How Molly Bloom Got Her Apostrophes
On the morning of 16 June, in city after city throughout the world, small groups of people will gather to engage in curious rituals. In New York, some fifty people will each pay $25 to breakfast on mutton kidneys and slightly burnt toast. Optional courses will include ‘nutty gizzards, a stuffed roast heart, liver slices fried with crustcrumbs’ and ‘fried hen-cod’s roe’. The kidneys will be judged by how keenly they give the palate ‘a fine tang of faintly scented urine’ or leave one feeling ‘a bit peckish’. In Sydney, two hundred people will gather in the Cathedral to hear a requiem mass for Paddy Dignam, someone who never lived, then exit by torchlight to re-stage his burial, which never took place. In Dublin, as has been the custom for some years, perhaps a hundred will go to the cemetery where Dignam wasn’t buried, there to re-stage the same funeral, which never took place. A man in a brown mackintosh will lurk in the background. And in Toronto, two hundred or so will stroll along the shore of Lake Ontario, but refer to it as Sandy-mount, then walk to a series of other sites within the city, each renamed after a locality in Dublin – all in order to reconstruct the perambulations, which were never made, of a man called Leopold Bloom, who never lived, on a day that never existed.
The annual Bloomsday has returned, celebrating the fictional day (16 June 1904) chronicled in overwhelming detail in Ulysses, for many the greatest novel of the century. This year, however, marks the 75th anniversary of publication – and the 75th Bloomsday – which accounts for the unprecedented number of readings, concerts, lectures, dramatisations and re-stagings, all accompanied by commemorative breakfasts, lunches, dinners and receptions of every sort. A bit much, one is tempted to say, perhaps even a bit crazy.
Some of this activity, no doubt, is merely an occasion for high spirits, some of it the result of excessive piety. Yet the fact is that no other work of modern fiction elicits such deep affection from its readers, notwithstanding its length, multiple styles, recondite allusions and references, often most arcane when dealing with the ephemera of middlebrow and popular culture of the period.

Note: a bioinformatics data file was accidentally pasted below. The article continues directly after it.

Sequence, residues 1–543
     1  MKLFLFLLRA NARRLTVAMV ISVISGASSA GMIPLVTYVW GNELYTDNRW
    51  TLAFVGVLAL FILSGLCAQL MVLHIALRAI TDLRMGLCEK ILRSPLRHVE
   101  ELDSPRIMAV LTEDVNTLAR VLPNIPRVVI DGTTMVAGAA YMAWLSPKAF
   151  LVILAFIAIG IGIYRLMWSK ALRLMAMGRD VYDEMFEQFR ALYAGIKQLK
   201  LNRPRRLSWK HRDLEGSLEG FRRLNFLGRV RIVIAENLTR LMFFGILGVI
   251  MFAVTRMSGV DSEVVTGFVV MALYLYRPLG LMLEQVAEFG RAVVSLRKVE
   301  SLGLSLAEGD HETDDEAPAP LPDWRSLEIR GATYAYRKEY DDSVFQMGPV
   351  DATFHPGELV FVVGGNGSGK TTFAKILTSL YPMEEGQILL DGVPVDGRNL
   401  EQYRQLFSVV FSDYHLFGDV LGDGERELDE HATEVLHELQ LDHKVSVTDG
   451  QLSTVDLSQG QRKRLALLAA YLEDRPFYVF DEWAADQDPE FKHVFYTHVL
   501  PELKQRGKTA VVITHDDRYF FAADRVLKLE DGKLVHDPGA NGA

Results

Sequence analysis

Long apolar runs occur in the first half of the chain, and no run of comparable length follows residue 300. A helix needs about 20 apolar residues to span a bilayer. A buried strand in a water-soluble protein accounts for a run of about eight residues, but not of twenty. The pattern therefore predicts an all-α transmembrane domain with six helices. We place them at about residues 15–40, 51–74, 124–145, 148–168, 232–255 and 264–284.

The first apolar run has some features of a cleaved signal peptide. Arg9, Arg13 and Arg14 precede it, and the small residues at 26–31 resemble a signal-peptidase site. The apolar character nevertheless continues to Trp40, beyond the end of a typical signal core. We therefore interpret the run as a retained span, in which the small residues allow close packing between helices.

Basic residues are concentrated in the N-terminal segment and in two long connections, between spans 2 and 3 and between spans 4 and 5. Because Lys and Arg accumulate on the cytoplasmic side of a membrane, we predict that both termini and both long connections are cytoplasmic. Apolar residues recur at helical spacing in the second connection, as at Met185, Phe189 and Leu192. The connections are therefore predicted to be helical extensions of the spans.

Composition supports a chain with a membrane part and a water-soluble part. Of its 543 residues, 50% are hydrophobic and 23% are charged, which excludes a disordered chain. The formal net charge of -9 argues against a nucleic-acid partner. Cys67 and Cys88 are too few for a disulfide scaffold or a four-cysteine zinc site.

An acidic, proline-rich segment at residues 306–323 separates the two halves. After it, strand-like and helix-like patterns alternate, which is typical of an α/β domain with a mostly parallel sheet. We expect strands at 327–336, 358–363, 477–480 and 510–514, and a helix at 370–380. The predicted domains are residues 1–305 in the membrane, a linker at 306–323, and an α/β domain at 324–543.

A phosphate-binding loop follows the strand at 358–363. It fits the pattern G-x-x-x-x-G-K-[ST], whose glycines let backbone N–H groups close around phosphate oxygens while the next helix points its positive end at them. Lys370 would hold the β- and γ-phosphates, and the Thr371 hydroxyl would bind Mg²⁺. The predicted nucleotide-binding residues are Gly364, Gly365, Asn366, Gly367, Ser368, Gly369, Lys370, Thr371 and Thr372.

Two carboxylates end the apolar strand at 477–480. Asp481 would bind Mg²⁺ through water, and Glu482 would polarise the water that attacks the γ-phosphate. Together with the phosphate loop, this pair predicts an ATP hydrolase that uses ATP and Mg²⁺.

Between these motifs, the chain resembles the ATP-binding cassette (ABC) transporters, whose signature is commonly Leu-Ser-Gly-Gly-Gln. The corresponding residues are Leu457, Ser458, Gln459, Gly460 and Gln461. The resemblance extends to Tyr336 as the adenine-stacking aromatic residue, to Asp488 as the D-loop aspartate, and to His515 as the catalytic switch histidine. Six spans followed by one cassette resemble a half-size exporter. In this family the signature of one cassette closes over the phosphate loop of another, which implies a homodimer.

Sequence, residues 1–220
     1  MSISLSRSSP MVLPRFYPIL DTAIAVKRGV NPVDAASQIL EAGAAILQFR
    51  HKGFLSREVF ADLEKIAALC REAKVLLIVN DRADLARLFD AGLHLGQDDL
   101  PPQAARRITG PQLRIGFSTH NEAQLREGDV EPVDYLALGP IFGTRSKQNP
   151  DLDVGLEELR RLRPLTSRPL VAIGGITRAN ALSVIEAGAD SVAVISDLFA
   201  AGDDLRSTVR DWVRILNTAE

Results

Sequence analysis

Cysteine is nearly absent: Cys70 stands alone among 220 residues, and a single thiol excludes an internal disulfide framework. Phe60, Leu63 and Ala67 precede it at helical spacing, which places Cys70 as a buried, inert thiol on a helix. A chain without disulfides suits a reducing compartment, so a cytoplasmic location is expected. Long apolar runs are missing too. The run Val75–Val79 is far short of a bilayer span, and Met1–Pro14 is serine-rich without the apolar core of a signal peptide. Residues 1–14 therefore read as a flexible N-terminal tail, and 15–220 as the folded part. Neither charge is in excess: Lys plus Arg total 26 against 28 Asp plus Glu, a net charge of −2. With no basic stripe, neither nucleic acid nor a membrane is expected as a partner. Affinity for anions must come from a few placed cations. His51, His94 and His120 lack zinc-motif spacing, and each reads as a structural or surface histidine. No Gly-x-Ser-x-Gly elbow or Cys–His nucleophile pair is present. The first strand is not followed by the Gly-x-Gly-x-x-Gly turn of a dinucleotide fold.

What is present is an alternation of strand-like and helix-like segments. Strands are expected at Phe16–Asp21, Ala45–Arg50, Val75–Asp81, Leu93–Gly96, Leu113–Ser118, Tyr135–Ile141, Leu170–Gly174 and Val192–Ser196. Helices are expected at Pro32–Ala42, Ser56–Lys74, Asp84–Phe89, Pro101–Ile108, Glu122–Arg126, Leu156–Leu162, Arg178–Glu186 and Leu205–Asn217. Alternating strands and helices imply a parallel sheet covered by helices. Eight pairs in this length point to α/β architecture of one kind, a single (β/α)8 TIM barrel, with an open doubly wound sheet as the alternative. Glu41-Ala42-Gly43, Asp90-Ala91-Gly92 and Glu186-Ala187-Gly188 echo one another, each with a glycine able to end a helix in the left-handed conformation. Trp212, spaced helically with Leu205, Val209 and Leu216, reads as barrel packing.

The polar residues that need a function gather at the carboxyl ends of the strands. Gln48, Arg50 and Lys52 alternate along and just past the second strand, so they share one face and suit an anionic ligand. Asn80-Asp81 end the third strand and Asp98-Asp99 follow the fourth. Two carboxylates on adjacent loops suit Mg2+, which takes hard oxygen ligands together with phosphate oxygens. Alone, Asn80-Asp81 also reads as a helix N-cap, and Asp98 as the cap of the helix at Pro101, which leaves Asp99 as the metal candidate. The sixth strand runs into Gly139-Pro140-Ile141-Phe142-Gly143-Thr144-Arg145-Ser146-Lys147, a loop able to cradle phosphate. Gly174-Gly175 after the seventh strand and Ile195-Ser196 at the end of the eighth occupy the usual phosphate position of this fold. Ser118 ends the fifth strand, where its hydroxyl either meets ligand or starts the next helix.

If the continuing passion for Ulysses is remarkable, so is the fact that the book exists at all. Joyce made a few preliminary stabs at the novel at the beginning of 1914, while polishing off A Portrait of the Artist as a Young Man and working more earnestly on Exiles. He was a heavy drinker who would nowadays be considered an alcoholic; he was penniless and unknown. He had published only a slender book of even more slender verse. Trieste, where he taught English, was an international city, but from his point of view decidedly provincial, far from the metropolitan centres that dominated the literary scene. In the closing weeks of 1913 he had received a letter of inquiry from Ezra Pound: Yeats had mentioned Joyce’s work in a casual conversation; would he have anything to hand? Before he could reply, a second letter from Pound had arrived. Yeats had turned up a copy of his poem, ‘I Hear an Army’. Was there any other work Pound might see? Joyce sent him the entire manuscript of Dubliners, which had been rejected by some forty publishers, and the first portion of A Portrait. One result was immediate. By reply he learned that A Portrait would begin appearing in serial form – no payment, of course – in the Egoist, a journal devoted to libertarian individualism, whose total circulation, unmentioned by Pound, was under 400. The other result would become clear later: the transformation of his life and career, thanks to the good offices of Pound and Harriet Shaw Weaver, the editor of the Egoist.
Pound’s unstinting generosity on Joyce’s behalf – hectoring, cajoling, and finagling support – is well known. In late June 1915, Joyce, his wife Nora and their two children were forced to leave Trieste for Zurich. With Italy’s entry into the war, the Austro-Hungarian authorities were anticipating trouble from the city’s large Italian and foreign populations. Joyce’s income for the rest of the year would come to £99, of which £24 was provided by a kind relative, and £75 by a subvention from the Royal Literary Fund, acting at Pound’s instigation. The following year, 1916, his income would amount to £250, apart from what he earned by occasional English lessons and a few translations. Of that sum, £175 came from Pound’s initiatives (a grant from the Civil List, a subvention from the Society of Authors and an anonymous donation). The rest came from Harriet Weaver, who retroactively paid Joyce £50 for the serialisation of A Portrait and £25 in advance for the serialisation of Ulysses. These were not grand sums: on the eve of the Great War, the average wage for the adult male industrial worker in England was about £75 per year, while the average annual income of the salaried class was £340 (the Slade Professor of Fine Art at Oxford, for example, earned approximately £400).